Posted on Wednesday 17th November 2010
Ultimately a brand stands by the quality of the product it represents. If people like the product, find it reliable, trustworthy, even in modern parlance iconic, they will buy it. While the takeover of Cadbury by Kraft has led commentators to make much of the loss to Britain of Roses chocolates, Crunchie, Flake and even Dairy Milk, the fact is that these brands will go on, and as long as they offer the public what they want in chocolate taste, at an appropriate price, Cadburys will continue to be strong in the minds and mouths of the UK public. There is of course very reasonable concern that these much-loved brands will be fighting to gain attention in a much bigger food company whose interests span far wider than confectionery, but confectionery is a very important part of Kraft’s business and one which they are likely to make more of. Why? Confectionery amongst other supermarket brands is much less subject to the ‘own label’ threat. Confectionery is a competitive market but one with plenty of room for growth, opportunities for new product development along with a strong truly global customer base. Cadbury itself has not always been what it seems; the licence to make and sell the Cadbury brand in the US had been in the hands of Hershey since the late 1980s.
In the new world of Cadbury owned by Kraft, three issues remain, one potentially more important to the Cadbury brand than the others. Firstly, much of the sense of loss comes from the idea more than the reality of Cadbury as a family owned British brand, although in reality the Cadbury family had had little to do with the business for many years and as with so many global companies its owners were no longer individuals but large global investors. Secondly, for the people of Birmingham, Kraft’s takeover of Cadbury may mean a loss of jobs but more importantly the end of an historical era, that had witnessed a Quaker family setting up a business that really wanted to do good, although if begun today would most likely be criticized for paternalism. But out of this comes the final and perhaps most compelling reason for Cadbury to have remained ‘British’ and based firmly in Bourneville where its history of doing good business began; there are real opportunities in the market for a truly ethical chocolate brand that people love the taste of. Through the Cadbury Cocoa Partnership and chocolate such as the truly iconic Dairy Milk becoming certified as Fairtrade, the Cadbury brand was fulfilling its historical destiny perhaps. We shall have to wait and see whether such an important twenty first century brand value can be maintained under new ownership, and how much ultimately it matters to the consumer.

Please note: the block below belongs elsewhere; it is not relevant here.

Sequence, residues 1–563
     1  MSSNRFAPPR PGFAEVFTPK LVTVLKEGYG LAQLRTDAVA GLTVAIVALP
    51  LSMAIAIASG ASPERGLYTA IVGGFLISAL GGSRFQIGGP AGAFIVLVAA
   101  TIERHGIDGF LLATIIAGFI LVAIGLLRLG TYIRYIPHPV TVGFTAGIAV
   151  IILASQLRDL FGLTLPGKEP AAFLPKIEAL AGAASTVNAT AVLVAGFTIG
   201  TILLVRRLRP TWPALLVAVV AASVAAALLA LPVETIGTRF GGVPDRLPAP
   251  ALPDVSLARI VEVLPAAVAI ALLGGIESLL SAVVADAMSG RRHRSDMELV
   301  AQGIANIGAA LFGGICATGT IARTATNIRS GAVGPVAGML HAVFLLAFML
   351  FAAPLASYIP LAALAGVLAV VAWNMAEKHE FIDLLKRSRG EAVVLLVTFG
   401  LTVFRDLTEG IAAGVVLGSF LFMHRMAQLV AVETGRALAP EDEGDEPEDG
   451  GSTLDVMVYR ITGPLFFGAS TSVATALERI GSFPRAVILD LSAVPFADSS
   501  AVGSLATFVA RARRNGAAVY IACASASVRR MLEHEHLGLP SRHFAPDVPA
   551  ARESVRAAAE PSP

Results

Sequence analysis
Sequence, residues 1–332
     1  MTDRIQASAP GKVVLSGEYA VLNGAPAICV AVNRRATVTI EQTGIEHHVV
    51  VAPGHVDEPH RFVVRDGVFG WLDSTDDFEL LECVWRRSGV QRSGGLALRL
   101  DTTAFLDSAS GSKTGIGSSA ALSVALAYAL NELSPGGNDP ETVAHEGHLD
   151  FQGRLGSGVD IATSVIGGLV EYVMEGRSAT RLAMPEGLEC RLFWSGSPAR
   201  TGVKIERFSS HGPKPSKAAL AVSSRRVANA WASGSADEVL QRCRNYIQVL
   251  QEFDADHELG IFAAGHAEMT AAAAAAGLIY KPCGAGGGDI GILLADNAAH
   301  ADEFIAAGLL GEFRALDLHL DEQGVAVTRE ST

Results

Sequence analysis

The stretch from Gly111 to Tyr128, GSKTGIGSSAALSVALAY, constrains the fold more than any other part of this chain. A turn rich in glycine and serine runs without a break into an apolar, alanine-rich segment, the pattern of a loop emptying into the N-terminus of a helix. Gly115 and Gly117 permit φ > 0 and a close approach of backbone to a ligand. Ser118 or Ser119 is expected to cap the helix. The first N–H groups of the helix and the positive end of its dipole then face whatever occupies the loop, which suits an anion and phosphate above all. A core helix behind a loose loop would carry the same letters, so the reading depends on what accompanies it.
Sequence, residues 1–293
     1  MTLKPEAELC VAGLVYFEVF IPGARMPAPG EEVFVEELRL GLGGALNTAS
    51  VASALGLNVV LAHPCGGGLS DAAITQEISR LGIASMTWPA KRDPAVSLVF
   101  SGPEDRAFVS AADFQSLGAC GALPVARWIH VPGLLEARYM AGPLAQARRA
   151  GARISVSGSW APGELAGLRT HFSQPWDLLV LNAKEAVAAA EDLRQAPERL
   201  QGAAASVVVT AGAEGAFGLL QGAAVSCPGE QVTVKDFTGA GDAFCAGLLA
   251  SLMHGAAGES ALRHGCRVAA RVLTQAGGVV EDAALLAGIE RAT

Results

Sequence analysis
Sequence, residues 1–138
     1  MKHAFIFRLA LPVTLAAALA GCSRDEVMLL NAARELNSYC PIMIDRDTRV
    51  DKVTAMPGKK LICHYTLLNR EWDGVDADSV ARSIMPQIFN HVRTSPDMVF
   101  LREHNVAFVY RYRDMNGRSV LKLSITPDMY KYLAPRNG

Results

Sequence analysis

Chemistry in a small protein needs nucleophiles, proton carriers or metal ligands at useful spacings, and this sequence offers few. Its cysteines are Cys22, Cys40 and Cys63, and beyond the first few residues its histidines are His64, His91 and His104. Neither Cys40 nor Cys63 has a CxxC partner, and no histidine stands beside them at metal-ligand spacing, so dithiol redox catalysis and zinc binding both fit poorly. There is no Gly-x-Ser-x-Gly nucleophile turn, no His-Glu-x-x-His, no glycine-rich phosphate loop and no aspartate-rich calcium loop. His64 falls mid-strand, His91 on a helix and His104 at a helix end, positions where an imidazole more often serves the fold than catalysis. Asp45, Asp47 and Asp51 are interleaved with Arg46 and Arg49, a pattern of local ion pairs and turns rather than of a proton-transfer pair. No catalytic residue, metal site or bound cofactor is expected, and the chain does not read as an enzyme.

Professor Isabelle Szmigin
Head of Department of Marketing
Birmingham Business School